We have convened as 160 mission practitioners, missiologists and church leaders from 53 countries, under the World Evangelical Fellowship Missions Commission in Foz de Iguassu, Brazil on October 10-15, 1999 to:

1. Reflect together on the challenges and opportunities facing world missions at the dawn of the new millennium;

2. Review the different streams of twentieth-century evangelical missiology and practice, especially since the 1974 Lausanne Congress;

3. Continue developing and applying a relevant biblical missiology which reflects the cultural diversity of God's people.

We proclaim the living Christ in a world torn by ethnic conflicts, massive economic disparity, natural disasters and ecological crises. The mission task is both assisted and hindered by technological developments that now reach the remotest corners of the earth. The diverse religious aspirations of people, expressed in multiple religions and spiritual experimentation, challenge the ultimate truth of the Gospel.

In the twentieth-century, missiology witnessed unprecedented development. In recent years, reflection from many parts of the church has helped missions to continue shedding paternalistic tendencies. Today, we continue to explore the relationship between the Gospel and culture, between evangelism and social responsibility and between biblical mandates and the social sciences. We see some international organizations—among them the World Evangelical Fellowship, the Lausanne Committee for World Evangelization, and the AD2000 and Beyond Movement—that have begun a promising process of partnership and unity.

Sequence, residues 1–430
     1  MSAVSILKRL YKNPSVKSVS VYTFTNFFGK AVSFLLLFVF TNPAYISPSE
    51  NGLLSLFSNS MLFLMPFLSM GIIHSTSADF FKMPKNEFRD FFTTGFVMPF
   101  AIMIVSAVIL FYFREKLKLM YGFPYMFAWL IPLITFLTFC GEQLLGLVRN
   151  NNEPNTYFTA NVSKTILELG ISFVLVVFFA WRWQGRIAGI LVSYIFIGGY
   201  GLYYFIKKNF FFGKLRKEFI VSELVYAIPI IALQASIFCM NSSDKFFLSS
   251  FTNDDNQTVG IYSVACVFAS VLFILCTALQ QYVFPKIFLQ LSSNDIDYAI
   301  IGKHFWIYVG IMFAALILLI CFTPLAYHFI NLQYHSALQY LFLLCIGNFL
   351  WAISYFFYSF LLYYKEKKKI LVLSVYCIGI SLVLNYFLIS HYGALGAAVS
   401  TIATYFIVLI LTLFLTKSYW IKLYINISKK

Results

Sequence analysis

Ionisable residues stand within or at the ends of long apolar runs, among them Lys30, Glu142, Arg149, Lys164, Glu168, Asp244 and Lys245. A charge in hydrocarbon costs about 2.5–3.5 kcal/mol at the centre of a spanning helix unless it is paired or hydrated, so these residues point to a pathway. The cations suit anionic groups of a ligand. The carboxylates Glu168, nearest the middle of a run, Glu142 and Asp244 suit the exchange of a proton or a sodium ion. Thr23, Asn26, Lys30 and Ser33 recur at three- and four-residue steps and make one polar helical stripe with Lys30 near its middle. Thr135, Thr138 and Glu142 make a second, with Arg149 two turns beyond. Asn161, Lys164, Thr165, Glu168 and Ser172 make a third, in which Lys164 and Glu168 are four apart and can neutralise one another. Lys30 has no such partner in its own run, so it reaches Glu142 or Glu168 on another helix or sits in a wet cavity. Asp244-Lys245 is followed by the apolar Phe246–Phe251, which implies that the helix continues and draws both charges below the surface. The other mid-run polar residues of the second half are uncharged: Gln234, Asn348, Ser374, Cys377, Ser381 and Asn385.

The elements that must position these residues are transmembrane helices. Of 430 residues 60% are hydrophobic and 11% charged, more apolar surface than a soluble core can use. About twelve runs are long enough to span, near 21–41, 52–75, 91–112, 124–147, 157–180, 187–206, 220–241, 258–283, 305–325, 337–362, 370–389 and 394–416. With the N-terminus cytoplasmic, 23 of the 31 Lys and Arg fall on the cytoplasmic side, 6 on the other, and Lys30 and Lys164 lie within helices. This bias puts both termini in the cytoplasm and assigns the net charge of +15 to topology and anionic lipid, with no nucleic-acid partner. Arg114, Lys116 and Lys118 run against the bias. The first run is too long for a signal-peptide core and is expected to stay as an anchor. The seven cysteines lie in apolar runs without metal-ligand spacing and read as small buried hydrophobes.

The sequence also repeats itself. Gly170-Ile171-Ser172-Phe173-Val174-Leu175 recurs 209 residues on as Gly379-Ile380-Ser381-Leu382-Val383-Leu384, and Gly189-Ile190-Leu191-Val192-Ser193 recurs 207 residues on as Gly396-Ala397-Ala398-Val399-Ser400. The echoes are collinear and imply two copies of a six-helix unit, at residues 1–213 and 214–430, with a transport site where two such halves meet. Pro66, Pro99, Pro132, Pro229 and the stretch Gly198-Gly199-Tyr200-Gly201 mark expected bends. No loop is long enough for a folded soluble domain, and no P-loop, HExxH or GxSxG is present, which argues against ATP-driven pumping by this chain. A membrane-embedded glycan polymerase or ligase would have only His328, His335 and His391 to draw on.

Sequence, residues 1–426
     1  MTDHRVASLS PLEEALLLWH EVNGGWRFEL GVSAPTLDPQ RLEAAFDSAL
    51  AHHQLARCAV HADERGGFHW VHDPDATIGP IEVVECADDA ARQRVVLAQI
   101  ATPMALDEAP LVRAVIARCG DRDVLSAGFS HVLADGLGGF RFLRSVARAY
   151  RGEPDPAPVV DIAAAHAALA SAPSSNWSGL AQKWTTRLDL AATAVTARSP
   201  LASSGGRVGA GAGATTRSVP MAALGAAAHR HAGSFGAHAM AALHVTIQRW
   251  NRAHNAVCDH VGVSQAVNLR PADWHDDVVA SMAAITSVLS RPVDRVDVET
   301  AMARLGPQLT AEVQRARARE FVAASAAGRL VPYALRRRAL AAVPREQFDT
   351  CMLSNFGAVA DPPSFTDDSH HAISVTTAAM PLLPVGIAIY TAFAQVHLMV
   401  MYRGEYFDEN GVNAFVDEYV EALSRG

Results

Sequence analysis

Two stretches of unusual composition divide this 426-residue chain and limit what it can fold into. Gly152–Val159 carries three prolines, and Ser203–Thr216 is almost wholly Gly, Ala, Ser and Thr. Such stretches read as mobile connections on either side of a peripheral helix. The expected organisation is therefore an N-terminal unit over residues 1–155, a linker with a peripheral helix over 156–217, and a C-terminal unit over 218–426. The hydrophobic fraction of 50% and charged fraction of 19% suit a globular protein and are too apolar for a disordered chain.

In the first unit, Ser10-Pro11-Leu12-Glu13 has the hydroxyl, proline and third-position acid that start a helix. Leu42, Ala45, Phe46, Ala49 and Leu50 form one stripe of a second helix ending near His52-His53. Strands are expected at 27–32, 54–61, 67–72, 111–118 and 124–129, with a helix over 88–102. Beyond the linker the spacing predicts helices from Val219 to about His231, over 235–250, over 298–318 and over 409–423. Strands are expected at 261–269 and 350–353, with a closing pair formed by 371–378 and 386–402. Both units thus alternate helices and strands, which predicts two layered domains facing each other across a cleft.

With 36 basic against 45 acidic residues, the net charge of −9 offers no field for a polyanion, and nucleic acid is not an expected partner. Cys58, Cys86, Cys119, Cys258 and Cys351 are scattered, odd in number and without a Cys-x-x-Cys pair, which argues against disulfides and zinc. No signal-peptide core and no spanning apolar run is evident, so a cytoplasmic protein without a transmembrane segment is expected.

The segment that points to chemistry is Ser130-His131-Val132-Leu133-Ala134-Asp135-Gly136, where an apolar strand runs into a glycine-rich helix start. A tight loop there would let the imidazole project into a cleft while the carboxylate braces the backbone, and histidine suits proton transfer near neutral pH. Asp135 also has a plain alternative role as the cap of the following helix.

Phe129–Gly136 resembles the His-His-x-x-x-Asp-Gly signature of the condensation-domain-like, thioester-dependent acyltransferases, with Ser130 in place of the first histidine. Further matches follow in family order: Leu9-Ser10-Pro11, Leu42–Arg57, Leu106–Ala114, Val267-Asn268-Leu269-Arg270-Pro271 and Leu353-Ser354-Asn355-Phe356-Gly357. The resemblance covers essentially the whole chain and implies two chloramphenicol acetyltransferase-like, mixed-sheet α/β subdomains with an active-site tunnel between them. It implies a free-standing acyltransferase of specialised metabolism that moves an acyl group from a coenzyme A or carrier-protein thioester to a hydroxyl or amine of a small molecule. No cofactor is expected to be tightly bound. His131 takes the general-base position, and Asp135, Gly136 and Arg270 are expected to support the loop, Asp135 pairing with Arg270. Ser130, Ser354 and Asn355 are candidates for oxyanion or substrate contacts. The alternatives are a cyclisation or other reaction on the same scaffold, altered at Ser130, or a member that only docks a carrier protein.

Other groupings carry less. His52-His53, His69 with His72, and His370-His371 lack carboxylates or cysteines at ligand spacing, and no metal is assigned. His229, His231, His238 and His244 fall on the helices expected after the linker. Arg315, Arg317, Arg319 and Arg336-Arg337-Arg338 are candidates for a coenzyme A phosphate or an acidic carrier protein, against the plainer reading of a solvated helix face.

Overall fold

Increased efforts at partnership have been catalyzed by an emphasis on methodologies involving measurable goals and numerical growth. Flowing from a commitment to urgent evangelization these methodologies have shown how our task might be accomplished. However these insights must be subject to biblical principles and growth in Christlikeness.

We rejoice in diverse missiological voices emerging around the world, but we confess that we have not taken them all into our theory and practice. Old paradigms still prevail. Participation by and awareness of the global church, as well as mission from people of all nations to people of all nations, are needed for a valid missiology in our time.

Our discussions have invited us to fuller dependence on the Spirit's empowering presence in our life and ministry as we eagerly await the glorious return of our Lord Jesus Christ.

In the light of these realities, we make the following declarations:

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Our faith rests on the absolute authority of the God-breathed Scriptures. We are heirs of the great Christian confessions handed down to us. All three Persons of the Godhead are active in God's redeeming mission. Our missiology centers on the overarching biblical theme of God's creation of the world, the Father's redeeming love for fallen humanity as revealed in the incarnation, substitutionary death and resurrection of our Lord Jesus Christ, and ultimate of the redemption and renewal of the whole creation. The Holy Spirit, promised by our Lord, is our comforter, teacher and source of power. It is the Spirit who calls us into holiness and integrity. The Spirit leads the Church into all truth. The Spirit is the agent of mission, convicting of sin, righteousness, and judgment. We are Christ's servants, empowered and led by the Spirit, whose goal is to glorify God.We confess the following themes as truths of special importance in this present age. These themes are clearly attested to in the whole of the Scriptures and speak to the desire of God to provide salvation for all people.

  1. Jesus Christ is Lord of the Church and Lord of the Universe. Ultimately every knee will bow and every tongue confess that Jesus is Lord. The lordship of Christ is to be proclaimed to the whole world, inviting all to be free from bondage to sin and the dominion of evil in order to serve the Lord for His glory.